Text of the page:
PHIL 228
Feminist Bioethics Fall 2019
Division II Writing Skills
Cross-listed WGSS 228 / STS 228 / PHIL 228

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In this course we will explore the ways in which feminist approaches to moral thinking have influenced both the methodology and the content of contemporary bioethics. The first portion of the course will address the emergence of the “Ethics of Care,” critically assessing its origins in feminist theory, its development within the context of the caring professions, and its potential as a general approach to bioethical reasoning. The second portion of the course will use feminist philosophy to inform our understanding of the ways in which gender structures the individual’s interactions with the health care system. To do this we will explore topics that might traditionally be considered “women’s issues” in healthcare, such as medicine and body image (e.g., cosmetic surgery, eating disorders), reproductive and genetic technologies, and research on women and their health care needs. In addition we’ll also look at feminist analyses of topics that traditionally have not been regarded as “gendered,” such as resource allocation and end of life issues.
The Class: Format: lecture; discussion
Limit: 19
Expected: 19
Class#: 1513
Grading: yes pass/fail option, yes fifth course option
Requirements/Evaluation: active participation in class discussions; periodic short papers (2-3 pages); midterm and final paper ( 5-7 and 7-10 pages, respectively); and one oral presentation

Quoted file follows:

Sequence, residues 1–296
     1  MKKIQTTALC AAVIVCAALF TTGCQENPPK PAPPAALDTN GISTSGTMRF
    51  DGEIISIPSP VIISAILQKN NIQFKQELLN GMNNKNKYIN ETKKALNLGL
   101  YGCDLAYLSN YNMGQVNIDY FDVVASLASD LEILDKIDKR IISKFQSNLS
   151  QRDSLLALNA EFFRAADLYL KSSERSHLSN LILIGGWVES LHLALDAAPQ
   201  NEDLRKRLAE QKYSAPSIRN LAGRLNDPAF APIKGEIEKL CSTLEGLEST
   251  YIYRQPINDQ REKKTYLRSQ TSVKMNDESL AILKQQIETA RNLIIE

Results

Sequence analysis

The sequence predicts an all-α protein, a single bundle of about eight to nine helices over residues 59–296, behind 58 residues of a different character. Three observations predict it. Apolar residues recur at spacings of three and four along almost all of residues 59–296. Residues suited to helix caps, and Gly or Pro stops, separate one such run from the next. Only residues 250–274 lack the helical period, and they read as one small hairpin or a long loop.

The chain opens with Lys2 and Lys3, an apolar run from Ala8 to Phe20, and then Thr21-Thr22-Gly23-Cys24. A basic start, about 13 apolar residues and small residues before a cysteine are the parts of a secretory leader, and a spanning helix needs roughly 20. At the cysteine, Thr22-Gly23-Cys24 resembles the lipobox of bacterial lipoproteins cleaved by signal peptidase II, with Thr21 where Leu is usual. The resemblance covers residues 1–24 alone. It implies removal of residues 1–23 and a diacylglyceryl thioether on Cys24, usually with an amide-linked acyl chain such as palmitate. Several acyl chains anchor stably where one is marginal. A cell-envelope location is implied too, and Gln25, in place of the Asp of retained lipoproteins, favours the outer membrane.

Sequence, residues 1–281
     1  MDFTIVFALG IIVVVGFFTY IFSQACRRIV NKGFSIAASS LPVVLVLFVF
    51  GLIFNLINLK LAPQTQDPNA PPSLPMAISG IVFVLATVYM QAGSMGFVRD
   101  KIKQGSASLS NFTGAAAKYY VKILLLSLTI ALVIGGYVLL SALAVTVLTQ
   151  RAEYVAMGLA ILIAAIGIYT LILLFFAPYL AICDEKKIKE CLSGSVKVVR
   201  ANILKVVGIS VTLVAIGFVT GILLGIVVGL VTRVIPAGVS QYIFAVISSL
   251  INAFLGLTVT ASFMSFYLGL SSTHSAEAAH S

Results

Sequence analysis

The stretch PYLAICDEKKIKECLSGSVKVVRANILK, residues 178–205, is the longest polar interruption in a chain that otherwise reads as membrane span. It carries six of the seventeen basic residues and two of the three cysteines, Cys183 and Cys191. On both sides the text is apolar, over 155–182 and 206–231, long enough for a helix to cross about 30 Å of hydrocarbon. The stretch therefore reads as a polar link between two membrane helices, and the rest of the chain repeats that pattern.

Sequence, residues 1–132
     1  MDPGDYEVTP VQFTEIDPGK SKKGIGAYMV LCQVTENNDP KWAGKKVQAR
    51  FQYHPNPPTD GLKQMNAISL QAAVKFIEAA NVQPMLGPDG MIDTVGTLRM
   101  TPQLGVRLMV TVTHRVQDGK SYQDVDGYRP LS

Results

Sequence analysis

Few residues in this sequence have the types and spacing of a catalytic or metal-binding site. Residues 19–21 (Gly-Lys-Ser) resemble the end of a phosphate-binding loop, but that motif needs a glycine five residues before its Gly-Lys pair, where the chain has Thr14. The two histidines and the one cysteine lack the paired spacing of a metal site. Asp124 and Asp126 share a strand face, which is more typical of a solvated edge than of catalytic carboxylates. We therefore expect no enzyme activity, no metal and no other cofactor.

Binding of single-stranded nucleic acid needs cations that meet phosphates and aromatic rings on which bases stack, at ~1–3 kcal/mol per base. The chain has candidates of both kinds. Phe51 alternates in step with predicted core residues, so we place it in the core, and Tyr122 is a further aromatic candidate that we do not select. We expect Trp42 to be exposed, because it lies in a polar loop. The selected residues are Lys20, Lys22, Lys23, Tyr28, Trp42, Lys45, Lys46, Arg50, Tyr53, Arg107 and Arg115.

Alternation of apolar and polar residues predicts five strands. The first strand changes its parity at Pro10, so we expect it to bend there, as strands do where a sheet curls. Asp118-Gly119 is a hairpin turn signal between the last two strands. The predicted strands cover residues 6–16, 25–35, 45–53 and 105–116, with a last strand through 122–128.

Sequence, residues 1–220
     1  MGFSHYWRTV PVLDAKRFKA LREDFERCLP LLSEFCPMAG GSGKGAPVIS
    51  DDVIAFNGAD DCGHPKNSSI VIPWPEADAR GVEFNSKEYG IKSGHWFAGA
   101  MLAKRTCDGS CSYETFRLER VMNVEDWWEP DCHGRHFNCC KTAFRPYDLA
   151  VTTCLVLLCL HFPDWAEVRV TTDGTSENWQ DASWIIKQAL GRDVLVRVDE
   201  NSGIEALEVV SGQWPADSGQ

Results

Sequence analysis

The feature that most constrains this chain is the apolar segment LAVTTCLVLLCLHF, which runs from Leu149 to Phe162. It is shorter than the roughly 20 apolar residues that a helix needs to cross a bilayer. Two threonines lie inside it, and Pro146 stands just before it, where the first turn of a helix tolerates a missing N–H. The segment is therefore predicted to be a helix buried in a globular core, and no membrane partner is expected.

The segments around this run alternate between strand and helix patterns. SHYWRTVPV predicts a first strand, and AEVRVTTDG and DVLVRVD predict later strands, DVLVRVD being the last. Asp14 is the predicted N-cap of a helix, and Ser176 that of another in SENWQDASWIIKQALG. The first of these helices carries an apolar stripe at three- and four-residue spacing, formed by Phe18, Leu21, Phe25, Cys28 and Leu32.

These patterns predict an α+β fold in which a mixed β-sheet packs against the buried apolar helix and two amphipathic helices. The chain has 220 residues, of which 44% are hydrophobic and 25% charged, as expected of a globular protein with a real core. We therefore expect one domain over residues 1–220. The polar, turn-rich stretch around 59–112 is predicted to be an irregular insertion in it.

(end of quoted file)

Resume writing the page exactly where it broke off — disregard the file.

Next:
Prerequisites: none, although previous coursework in WGSS is desirable
Enrollment Preferences: prospective and declared majors or concentrators in PHIL, WGSS, STS, and PHLH, especially those who need the course to satisfy major or concentration requirements
Unit Notes: meets Contemporary Value Theory requirement only if registration is under PHIL
Distributions: Division II Writing Skills
Notes: This course is cross-listed and the prefixes carry the following divisional credit:
WGSS 228 Division II STS 228 Division II PHIL 228 Division II
WS Notes: Students will write periodic short papers (2-3 pages each), a midterm paper (5-7 pages) and a final paper (7-10 pages). Short papers focus on concepts, arguments, and writing skills needed in the midterm and final papers, in which students are expected to describe and evaluate arguments from assigned readings, and to present clear and effective arguments in support of their own ethical positions. Students receive feedback on all papers and have the opportunity to revise midterm and final papers.
Attributes: AMST Critical and Cultural Theory Electives
JLST Interdepartmental Electives
PHIL Contemporary Value Theory Courses
PHLH Bioethics + Interpretations of Health

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